Congestive heart failure.
Doctors Robert Schneider and Gary P. Kaplan answer questions on congestive heart failure and how transcendental meditation can help.
Dr. Schneider:Congestive heart failure, or simply heart failure, is the end result of many forms of heart disease, such as coronary heart disease or hypertensive heart disease. It kills 300,000 people a year in the United States and carries a 50% mortality rate over five years' time.
Congestive heart failure is very difficult to treat with medicinal drugs or even surgical intervention. However, research on the Transcendental Meditation technique, conducted at the University of Pennsylvania, has demonstrated that individuals who are taking conventional treatments for heart failure, and who have added twenty minutes twice a day of Transcendental Meditation practice to their routine, have significant improvements in measures of heart failure as indicated by greater functional capacity in the six-minute walk test compared to health education controls. Related Scientific Research
Dr. Schneider: Yes. In the study on congestive heart failure that we have been discussing, the same individuals showed improvement in quality of life and mental health in addition to improvements in physical capacity of heart functioning, as shown by a clinically significant reduction in depression in the Transcendental Meditation practitioners as compared to controls.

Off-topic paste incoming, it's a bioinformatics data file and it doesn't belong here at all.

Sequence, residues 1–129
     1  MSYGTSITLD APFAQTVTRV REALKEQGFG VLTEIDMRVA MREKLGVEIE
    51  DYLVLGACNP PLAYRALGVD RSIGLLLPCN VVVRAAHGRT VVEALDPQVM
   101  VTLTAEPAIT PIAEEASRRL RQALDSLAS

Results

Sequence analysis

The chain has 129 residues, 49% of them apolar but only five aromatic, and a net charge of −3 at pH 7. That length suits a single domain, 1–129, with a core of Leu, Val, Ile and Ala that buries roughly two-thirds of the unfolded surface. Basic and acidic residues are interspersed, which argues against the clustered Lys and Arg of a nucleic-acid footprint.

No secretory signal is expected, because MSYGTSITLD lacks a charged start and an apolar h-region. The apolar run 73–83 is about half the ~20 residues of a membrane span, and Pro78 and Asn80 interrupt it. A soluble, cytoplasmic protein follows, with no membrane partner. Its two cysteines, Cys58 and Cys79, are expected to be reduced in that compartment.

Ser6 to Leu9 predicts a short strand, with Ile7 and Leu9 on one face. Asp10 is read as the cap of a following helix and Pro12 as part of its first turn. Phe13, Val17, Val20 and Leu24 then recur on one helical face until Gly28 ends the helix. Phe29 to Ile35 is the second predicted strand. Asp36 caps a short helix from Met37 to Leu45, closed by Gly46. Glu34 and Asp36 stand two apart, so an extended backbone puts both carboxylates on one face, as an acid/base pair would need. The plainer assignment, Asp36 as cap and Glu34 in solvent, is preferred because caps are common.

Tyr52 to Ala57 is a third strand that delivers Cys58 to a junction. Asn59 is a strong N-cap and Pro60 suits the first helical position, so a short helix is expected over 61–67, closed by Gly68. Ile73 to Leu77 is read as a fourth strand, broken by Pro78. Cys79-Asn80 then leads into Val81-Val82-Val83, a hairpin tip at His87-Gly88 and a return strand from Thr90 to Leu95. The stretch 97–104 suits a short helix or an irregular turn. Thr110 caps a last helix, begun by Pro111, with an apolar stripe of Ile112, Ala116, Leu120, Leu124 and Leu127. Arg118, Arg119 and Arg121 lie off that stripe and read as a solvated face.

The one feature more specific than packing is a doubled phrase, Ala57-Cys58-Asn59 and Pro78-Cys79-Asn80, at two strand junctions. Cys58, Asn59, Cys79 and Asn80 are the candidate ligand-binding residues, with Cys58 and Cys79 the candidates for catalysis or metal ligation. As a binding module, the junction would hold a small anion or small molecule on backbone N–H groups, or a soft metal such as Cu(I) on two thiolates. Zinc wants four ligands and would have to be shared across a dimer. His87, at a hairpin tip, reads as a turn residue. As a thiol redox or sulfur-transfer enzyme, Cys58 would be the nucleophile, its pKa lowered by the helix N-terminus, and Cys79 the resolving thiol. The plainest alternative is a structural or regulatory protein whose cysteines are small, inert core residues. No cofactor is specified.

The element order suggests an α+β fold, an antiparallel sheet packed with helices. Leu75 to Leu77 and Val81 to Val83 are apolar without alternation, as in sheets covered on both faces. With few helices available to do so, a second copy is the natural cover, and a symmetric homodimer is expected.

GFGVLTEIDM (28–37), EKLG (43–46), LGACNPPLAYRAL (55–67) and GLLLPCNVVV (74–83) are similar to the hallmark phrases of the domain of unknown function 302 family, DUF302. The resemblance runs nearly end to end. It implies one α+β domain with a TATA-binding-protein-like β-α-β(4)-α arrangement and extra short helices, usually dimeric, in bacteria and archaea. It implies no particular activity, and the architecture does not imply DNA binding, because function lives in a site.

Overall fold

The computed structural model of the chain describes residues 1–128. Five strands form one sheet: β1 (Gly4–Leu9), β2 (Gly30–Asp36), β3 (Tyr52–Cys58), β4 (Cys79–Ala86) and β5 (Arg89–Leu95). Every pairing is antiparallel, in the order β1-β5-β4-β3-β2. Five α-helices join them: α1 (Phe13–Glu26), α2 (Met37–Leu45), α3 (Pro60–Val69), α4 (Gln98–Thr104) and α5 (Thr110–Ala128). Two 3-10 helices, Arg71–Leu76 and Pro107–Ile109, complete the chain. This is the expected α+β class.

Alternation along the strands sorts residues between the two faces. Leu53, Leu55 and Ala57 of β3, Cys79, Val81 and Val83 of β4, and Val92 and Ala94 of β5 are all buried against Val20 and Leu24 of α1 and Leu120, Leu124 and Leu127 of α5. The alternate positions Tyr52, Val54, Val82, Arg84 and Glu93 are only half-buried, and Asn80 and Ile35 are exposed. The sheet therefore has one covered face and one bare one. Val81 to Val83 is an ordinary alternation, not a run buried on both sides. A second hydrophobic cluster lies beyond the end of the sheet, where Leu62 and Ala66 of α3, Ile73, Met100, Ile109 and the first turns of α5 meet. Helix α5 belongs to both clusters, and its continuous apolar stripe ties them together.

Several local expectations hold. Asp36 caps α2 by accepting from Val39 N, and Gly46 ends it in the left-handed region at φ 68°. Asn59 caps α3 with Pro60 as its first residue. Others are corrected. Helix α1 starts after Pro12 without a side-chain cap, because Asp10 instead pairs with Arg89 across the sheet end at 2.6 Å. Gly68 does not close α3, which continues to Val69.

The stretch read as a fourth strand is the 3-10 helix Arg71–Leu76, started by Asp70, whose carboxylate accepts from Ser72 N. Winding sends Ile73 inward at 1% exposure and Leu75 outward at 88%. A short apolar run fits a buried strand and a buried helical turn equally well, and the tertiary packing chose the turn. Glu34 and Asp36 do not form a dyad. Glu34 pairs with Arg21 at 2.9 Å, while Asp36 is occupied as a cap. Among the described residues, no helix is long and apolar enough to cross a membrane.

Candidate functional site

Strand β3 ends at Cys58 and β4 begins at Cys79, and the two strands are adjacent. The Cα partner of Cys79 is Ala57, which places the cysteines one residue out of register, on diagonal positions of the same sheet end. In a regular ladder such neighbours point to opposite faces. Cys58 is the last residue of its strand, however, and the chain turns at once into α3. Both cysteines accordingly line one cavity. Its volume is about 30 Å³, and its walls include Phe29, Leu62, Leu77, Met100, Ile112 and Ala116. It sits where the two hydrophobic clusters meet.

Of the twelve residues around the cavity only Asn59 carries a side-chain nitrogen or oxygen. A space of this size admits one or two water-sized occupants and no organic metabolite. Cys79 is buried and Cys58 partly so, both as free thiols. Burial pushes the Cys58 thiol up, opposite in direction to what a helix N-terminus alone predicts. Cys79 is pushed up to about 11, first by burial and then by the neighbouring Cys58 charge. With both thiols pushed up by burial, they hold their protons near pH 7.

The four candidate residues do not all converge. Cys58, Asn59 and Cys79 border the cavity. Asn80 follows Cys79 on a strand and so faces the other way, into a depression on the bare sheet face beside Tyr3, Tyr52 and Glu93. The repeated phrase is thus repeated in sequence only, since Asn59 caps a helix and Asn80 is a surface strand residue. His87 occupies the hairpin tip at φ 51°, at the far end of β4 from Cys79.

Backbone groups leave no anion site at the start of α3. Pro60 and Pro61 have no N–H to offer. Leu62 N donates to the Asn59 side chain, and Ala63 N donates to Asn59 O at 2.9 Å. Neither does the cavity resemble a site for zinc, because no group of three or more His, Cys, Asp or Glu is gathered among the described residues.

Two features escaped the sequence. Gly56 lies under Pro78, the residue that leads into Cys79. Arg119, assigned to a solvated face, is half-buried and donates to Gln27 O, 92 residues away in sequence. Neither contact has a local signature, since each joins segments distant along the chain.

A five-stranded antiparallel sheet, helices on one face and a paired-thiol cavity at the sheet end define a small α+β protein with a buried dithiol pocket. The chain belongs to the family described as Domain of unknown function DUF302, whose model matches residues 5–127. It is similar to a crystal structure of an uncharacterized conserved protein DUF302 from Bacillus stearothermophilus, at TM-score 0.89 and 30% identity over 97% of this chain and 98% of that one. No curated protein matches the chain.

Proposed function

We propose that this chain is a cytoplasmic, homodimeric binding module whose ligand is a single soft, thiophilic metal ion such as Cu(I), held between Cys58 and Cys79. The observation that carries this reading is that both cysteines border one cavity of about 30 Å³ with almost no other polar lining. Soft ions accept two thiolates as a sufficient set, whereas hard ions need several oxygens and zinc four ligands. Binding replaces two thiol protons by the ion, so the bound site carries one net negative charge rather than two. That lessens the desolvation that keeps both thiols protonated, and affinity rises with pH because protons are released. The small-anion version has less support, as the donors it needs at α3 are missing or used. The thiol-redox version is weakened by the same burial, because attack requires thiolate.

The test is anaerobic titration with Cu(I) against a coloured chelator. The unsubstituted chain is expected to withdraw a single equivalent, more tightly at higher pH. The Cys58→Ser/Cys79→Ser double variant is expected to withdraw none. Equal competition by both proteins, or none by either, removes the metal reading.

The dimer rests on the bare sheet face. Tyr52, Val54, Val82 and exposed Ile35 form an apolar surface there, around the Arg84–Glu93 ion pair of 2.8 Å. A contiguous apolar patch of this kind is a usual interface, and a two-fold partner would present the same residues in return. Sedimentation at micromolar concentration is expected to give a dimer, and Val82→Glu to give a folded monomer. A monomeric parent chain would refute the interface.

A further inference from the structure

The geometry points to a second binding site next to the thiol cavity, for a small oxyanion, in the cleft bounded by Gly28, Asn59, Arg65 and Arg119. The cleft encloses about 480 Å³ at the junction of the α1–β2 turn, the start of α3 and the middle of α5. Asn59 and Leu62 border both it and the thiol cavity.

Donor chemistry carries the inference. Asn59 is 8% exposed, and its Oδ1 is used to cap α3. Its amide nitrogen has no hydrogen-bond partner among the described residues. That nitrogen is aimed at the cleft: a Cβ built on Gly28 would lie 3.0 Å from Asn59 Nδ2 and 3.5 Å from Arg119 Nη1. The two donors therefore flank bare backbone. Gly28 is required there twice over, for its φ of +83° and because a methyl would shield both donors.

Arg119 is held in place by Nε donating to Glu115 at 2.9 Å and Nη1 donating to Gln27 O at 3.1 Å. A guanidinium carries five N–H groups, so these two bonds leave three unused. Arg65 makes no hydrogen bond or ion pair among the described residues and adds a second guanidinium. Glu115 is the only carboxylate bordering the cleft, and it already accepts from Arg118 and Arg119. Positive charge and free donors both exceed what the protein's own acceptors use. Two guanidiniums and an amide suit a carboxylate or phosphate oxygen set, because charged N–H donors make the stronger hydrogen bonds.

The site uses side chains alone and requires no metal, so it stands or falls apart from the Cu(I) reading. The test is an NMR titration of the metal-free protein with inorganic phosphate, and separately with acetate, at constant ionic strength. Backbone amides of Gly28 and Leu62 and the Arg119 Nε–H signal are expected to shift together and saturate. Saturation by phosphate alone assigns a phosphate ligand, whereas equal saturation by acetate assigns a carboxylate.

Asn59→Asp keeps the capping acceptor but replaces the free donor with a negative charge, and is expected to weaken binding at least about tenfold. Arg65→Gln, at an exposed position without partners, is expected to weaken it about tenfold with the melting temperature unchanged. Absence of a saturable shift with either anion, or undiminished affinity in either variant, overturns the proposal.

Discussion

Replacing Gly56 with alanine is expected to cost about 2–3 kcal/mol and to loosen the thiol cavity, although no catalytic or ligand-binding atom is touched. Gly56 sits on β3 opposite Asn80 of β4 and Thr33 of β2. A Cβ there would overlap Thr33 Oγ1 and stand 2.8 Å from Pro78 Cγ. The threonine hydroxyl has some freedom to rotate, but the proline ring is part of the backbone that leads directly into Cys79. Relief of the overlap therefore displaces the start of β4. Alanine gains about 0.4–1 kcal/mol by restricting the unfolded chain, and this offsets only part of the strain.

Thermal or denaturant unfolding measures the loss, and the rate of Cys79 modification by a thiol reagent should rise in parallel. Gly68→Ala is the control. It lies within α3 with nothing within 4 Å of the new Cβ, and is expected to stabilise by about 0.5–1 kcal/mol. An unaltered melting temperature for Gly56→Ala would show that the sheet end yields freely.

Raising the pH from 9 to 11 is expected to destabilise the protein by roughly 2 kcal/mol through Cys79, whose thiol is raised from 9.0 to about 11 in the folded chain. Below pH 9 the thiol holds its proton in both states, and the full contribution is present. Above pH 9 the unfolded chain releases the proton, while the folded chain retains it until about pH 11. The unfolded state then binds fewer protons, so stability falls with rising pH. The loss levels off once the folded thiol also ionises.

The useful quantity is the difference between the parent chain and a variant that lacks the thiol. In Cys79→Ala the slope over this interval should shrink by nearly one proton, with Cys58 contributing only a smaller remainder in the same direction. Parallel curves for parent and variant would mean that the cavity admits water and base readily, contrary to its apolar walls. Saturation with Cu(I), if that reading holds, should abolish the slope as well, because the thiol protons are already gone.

This shows that adding an effective mind-body intervention program to usual medical treatment program results in significant improvements in both physical and mental health in patients with heart failure. This is a remarkable medical discovery, and it is very easy to implement on a widespread basis. Related Scientific Research
Dr. Kaplan: A recent study published in Ethnicity and Disease documents improvement in measures of congestive heart failure, including exercise tolerance, after only three months of regular practice of the TM technique. Related Scientific Research
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Robert Schneider, M.D., F.A.C.C., F.A.B.M.R. has been awarded more than $20 million in grants from the National Institutes of Health (NIH) for his pioneering research on natural approaches to heart disease. Dr. Schneider is the author of Total Heart Health and 100 medical research articles, and he has been featured in more than 1,000 media reports, including CNN Headline News, The New York Times, and Time magazine.
Gary P. Kaplan, M.D., Ph.D. is a neurologist and associate professor of clinical neurology at New York University School of Medicine. He is also a recipient of the Albert H. Douglas Award from the Medical Society of the State of New York for outstanding achievements as a clinical teacher interested in promoting and improving the medical education of physicians.